Unix System Laboratories

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UNIX System Laboratories
Private
Industry
Fate Acquired
Founded November 1989 (1989-11)
Defunct June 1993 (1993-06)
Headquarters Summit, New Jersey, United States
Number of locations
3
Key people
Products
  • Operating systems
  • transaction monitors
  • C++ language products
Revenue $100 million (1991, equivalent to $180 million today)
Number of employees
500 (1991)
Divisions
  • UNIX System V Software
  • Open Solutions Software

Unix System Laboratories (USL), sometimes written UNIX System Laboratories, was an American software laboratory and product development company that existed from 1989 through 1993. At first wholly, and then majority, owned by AT&T, it was responsible for the development and maintenance of one of the main branches of the Unix operating system, the UNIX System V Release 4 source code product. Through Univel, a partnership with Novell, it was also responsible for the development and production of the UnixWare packaged operating system for Intel architecture. In addition it developed Tuxedo, a transaction processing monitor, and was responsible for certain products related to the C++ programming language. USL was based in Summit, New Jersey, and its CEOs were Larry Dooling followed by Roel Pieper.

Created from earlier AT&T entities, USL was, as industry writer Christopher Negus has observed, the culmination of AT&T's long involvement in Unix, "a jewel that couldn't quite find a home or a way to make a profit."[1] USL was sold to Novell in 1993.

Origins as subsidiary of AT&T[edit]

AT&T announced the creation of the UNIX Software Operation (USO) – a separate and distinct AT&T business unit responsible for the development, marketing, and licensing of UNIX System V software – in January 1989.[2] This was done, as a subsequent press release stated, "in order to separate AT&T's UNIX System source code business from its computer systems business,"[3] the latter a reference to AT&T Computer Systems. USO included the AT&T Data Systems Group organizations responsible for UNIX product planning and management, licensing, and marketing.[4] Peter J. Weinberger was named chief scientist of USO while also retaining his job in the computing science research center at Bell Labs; no other Bell Labs assets were transferred to USO.[4] The head of USO was Larry Dooling, who had been a vice-president in sales and marketing in the AT&T Data Systems Group.[4]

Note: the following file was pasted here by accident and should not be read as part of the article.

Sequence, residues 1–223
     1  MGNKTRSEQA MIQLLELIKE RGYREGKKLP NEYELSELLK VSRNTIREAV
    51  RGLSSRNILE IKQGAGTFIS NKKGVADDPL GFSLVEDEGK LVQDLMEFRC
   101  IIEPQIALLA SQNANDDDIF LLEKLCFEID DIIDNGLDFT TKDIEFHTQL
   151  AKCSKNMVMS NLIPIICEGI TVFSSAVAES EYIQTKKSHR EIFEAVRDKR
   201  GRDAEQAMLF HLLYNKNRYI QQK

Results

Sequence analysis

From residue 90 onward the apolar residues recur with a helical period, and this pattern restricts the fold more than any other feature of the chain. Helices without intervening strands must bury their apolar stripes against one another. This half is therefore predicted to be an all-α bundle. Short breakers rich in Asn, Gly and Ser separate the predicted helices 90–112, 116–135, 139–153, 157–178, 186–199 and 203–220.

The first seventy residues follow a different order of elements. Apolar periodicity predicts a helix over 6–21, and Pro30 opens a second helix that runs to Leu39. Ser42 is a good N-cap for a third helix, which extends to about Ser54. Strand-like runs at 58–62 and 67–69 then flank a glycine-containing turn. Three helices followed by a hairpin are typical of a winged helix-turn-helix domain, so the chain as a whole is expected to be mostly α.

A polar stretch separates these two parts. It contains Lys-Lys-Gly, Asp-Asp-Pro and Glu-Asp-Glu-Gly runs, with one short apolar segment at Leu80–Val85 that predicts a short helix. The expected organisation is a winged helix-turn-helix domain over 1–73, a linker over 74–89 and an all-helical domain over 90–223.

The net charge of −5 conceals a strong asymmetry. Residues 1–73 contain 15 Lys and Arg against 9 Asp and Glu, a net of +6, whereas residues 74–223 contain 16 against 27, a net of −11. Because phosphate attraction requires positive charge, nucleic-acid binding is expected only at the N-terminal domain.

Unlike the original Unix work, which had been done in the Bell Labs facility in Murray Hill, USO and the commercialization work was done a few miles away in Summit, New Jersey,[1][5] in a building located off a cloverleaf-like interchange among New Jersey Route 24, New Jersey Route 124, and John F. Kennedy Parkway and across from The Mall at Short Hills and near the Passaic River.[6]

UNIX System Laboratories, Inc., came into being as a separate subsidiary of AT&T in November 1989 and was assigned all U.S.-based AT&T Unix and USO assets.[3] However USO continued to operate as USO until June 1990, when the reincorporation of AT&T's European and Asian Unix business operations as wholly owned subsidiaries of USL was completed.[2] At that point the UNIX Software Operation was publicly rebranded as UNIX System Laboratories.[3] Again, a point of emphasis was to separate the Unix-based business from AT&T's hardware-based business.[7] The subsidiaries were known as UNIX System Laboratories Europe, Ltd., sited on Ealing Broadway in London, and UNIX System Laboratories Pacific, Ltd., located in Shiba, Tokyo.[8] Dooling was named the initial president of USL, continuing from his position at USO.[3]

These organizational changes were taking place in the context of the open systems movement and the ongoing Unix wars. In consequence, the pro-AT&T side Unix International (as opposed to the anti-AT&T side Open Software Foundation) declared that "In the last 18 months AT&T has made good on its commitment to treat UNIX System as the industry asset it is and to open the UNIX System V development process to the entire industry."[3]

Unix System V work[edit]

Multi-part room numbers were characteristic of the AT&T heritage of the USL office in Summit

One unit within USL, called the UNIX System V Software business unit and headed by Michael J. DeFazio, was responsible for the development of the UNIX System V base technology.[3] DeFazio had held a similar role within USO.[4] The USO/USL staff was heavily involved in the creation of UNIX System V Release 4, which shipped in 1989 and was a joint project with Sun Microsystems.[9] This work incorporated technology from a variety of Unix-based efforts, including UNIX System V, BSD, and Xenix.[9] There were additions and new innovations as well from both the AT&T and Sun sides. System V Release 4 debuted at the Unix Expo trade show in New York in November 1989, in the form of source code availability for it as well as demonstrations from Unix International of SVR4-based applications running on seventeen different vendor platforms.[10] End-user versions of Release 4 became available during 1990.[11]